“I welcome the idea of a camera. Unlike most younger police officers, I want to be watched. I want people to look at my video and make sure that I’m doing what I’m supposed to be doing. When something happens, the video is going to defend me,” Misek said.
Wilton said that a campus full of students with smartphones already provides similar standards of accountability to body cameras.
“When you go on to YouTube and search UNH, you’re going to find videos of everything,” Wilton said. “We’re well aware that it’s always happening. For big weekends or events … when we have all the agencies in one room for a briefing, that’s always the last things said. ‘Remember, everyone’s got a camera. Act accordingly.’”
It surprised few in attendance that the community’s police department’s main focus for crime reduction at UNH is related to alcohol, especially in connection to events that draw larger crowds. In recent years, clashes between students and riot-gear clad police officers have become more commonplace at UNH. Wilton and Misek seemed hopeful that a calmer Cinco de Mayo in 2014 and the lack of arrests after the New England Patriots’ Super Bowl victory in February are a positive sign for student’s safety.
“What you didn’t see on Super Bowl night was that there were 20 cops around the corner with all of their stuff on, ready to go,” Misek said.
“We don’t want it to get that far. That’s why you didn’t see the riot stuff out for the Super Bowl. Everyone was staying safe. Thank god it was 8 degrees out, everyone wanted to be inside,” Wilton said.
Wilton stated that the first two and last two months of the academic year are when his department prepare for the highest volume of arrests and assign the most officers to parts of campus.
Representing UNH’s Legal Services, Joanne Stella went into detail about UNH’s recent adoption of a three-strike conduct policy, which if violated, results in a student’s immediate suspension.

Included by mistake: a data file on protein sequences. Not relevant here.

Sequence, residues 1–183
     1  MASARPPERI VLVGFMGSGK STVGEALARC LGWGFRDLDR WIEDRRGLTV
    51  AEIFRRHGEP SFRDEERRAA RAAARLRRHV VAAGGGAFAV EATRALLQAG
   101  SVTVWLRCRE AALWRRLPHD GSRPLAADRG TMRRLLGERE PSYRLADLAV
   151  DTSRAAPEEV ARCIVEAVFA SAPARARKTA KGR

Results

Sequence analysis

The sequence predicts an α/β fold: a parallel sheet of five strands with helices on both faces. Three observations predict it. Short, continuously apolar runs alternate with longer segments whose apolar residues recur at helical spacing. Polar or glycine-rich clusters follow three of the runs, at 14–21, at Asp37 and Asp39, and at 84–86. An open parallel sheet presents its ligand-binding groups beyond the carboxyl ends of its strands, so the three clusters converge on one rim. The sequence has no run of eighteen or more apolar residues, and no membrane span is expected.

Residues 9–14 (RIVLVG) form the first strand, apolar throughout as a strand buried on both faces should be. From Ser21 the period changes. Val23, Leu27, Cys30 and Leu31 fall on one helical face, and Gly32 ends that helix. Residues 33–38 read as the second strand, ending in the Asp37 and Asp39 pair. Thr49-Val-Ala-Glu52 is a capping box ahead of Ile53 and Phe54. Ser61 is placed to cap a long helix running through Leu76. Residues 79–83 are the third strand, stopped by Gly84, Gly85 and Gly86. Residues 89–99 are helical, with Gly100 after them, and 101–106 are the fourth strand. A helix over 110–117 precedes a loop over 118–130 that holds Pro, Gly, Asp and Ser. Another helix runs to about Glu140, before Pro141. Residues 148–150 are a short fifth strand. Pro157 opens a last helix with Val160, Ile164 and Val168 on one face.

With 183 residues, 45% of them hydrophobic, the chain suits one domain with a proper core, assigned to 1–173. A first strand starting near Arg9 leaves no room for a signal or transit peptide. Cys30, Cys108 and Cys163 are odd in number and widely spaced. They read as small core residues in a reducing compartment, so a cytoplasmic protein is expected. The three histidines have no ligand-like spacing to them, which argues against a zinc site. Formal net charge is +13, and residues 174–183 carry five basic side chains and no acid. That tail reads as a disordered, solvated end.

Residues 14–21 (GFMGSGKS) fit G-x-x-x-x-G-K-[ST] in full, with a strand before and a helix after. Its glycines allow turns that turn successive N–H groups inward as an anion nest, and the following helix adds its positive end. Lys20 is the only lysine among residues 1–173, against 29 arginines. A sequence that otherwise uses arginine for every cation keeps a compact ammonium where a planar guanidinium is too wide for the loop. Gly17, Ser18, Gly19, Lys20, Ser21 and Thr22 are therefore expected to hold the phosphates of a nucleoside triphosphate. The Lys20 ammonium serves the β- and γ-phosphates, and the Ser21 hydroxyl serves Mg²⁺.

“If you get any kind of criminal charge, violation, town ordinance, that’s a strike. If you get any disciplinary problems in a dorm, that’s a strike. If you get three strikes at any point, they suspend you immediately. If it happens in the middle of the semester you lose that tuition. It’s gone,” Stella said.
The panel members stayed unreserved through the event, telling the students that they knew that most people break the law and that a police officer’s job relies on prioritizing criminal activity they see.
“My sage advice as a lawyer of 20 years is don’t commit two crimes at once. Only violate one law at a time and you won’t get caught,” Stella said.
A defining part of the panel’s presentation was that the most important role of the police on campus and in Durham is safety.
The relationship that members of UNH’s Greek Life and Durham’s police officers are working to improve relies on students feeling that they can reach out to the police in any emergency.
“You’re better off calling for help than worrying about getting into trouble. Ultimately, your role in life is being a good person and not avoiding getting arrested,” Stella said.